When the NSA asks a company for data, what happens next?

Stacey Vanek Smith Jun 12, 2013
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Chairman and Vice Chairman of the U.S. Senate Select Committee on Intelligence, Sen. Dianne Feinstein (D-CA) Sen. Saxby Chambliss (R-GA) speak about the National Security Agency (NSA) on June 6, 2013 in Washington, DC. Alex Wong/Getty Images

When the NSA asks a company for data, what happens next?

Stacey Vanek Smith Jun 12, 2013
Chairman and Vice Chairman of the U.S. Senate Select Committee on Intelligence, Sen. Dianne Feinstein (D-CA) Sen. Saxby Chambliss (R-GA) speak about the National Security Agency (NSA) on June 6, 2013 in Washington, DC. Alex Wong/Getty Images
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Updated 10am EST: Google, Microsoft, and Facebook are calling on the U.S. government to reveal how often they get national security requests for information. The Internet companies are fighting the perception they were willing participants in the National Security Agency’s widespread monitoring of electronic communications.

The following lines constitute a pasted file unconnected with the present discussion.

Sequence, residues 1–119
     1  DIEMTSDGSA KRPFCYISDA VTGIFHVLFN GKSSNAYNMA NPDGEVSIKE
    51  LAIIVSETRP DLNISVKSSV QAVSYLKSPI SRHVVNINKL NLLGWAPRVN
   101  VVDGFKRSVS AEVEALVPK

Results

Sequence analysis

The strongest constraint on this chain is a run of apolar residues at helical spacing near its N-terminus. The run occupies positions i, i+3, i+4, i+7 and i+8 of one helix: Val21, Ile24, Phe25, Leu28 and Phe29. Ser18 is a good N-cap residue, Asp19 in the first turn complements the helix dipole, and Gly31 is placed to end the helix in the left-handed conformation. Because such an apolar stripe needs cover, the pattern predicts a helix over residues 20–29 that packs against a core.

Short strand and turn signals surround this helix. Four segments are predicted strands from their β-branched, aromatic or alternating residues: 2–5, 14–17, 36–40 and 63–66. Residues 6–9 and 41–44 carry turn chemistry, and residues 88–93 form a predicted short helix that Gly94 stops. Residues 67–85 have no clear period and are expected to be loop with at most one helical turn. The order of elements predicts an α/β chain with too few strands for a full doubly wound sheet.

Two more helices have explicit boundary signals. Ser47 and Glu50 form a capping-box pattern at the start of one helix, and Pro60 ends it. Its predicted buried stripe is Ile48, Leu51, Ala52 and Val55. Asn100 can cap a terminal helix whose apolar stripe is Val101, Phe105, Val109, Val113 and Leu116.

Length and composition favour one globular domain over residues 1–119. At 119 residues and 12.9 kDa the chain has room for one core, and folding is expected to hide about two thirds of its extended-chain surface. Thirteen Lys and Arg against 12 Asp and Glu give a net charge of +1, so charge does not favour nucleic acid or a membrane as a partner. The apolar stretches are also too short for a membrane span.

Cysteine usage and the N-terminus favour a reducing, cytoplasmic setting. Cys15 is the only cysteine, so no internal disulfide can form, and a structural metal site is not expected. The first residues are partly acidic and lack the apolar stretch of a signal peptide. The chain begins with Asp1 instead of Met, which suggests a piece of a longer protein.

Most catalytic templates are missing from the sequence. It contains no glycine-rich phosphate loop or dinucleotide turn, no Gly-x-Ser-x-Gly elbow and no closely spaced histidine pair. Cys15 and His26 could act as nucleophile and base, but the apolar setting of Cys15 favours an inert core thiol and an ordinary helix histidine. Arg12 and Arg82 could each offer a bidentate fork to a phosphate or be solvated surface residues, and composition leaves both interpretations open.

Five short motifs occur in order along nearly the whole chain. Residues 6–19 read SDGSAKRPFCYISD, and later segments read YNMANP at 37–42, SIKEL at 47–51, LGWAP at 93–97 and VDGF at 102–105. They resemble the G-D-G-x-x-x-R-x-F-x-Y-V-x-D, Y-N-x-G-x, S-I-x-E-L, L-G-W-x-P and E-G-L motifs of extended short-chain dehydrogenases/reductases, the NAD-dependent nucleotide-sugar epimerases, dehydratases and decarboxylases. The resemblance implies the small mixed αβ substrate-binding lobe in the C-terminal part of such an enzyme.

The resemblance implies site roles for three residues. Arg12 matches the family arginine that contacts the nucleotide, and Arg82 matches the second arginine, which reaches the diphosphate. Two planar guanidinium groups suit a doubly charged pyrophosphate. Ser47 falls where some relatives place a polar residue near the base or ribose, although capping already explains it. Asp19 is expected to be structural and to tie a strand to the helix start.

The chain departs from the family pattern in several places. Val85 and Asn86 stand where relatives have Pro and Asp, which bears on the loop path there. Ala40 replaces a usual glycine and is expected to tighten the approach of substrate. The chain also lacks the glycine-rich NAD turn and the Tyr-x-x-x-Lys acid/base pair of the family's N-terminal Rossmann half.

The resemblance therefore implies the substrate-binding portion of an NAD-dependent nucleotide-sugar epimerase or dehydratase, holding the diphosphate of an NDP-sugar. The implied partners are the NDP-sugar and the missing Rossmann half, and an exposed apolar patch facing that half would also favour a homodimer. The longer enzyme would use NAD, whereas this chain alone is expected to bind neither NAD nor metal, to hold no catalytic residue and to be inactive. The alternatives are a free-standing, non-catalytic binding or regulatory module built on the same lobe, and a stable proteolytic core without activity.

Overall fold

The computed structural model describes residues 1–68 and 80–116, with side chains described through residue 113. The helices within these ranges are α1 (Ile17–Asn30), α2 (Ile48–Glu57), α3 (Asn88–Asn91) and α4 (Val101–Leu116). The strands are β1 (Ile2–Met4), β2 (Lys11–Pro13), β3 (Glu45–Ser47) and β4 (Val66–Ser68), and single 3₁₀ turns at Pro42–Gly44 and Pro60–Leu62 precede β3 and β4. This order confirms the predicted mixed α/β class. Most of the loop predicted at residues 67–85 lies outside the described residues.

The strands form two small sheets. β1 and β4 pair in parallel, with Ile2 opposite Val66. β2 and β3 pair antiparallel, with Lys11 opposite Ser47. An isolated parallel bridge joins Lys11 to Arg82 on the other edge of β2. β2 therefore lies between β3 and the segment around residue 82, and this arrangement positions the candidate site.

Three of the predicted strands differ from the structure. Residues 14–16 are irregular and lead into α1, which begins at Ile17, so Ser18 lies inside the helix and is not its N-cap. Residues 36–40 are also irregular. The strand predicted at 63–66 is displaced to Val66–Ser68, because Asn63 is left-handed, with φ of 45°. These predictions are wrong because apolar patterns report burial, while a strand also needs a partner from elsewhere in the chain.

But the question still remains, if the government asks a company for information, can it say no? 

Securities attorney Lance Jon Kimmel says they absolutely can: “Companies are free to turn down a government request. They’re not supposed to suffer repercussions for doing it.”

That is, unless the government has a warrant. In that case, companies have to comply.

In the case of public companies, protecting shareholder value is supposed to come first, says banking industry analyst Ken Thomas. And that can conflict with some government requests.

“If you’re talking about wiretapping, that could damage the reputation of the company and its brand, that’s going to hurt its value,” Thomas says.

Still, adds Thomas, in most cases, shareholders want the company to be in the government’s good graces. And for good reason, says Attorney Lance Jon Kimmel.

“If one wants to be a little cynical about it, you just want to keep the regulators happy and not give them an excuse to find ways to cause trouble for them in the future.”

 

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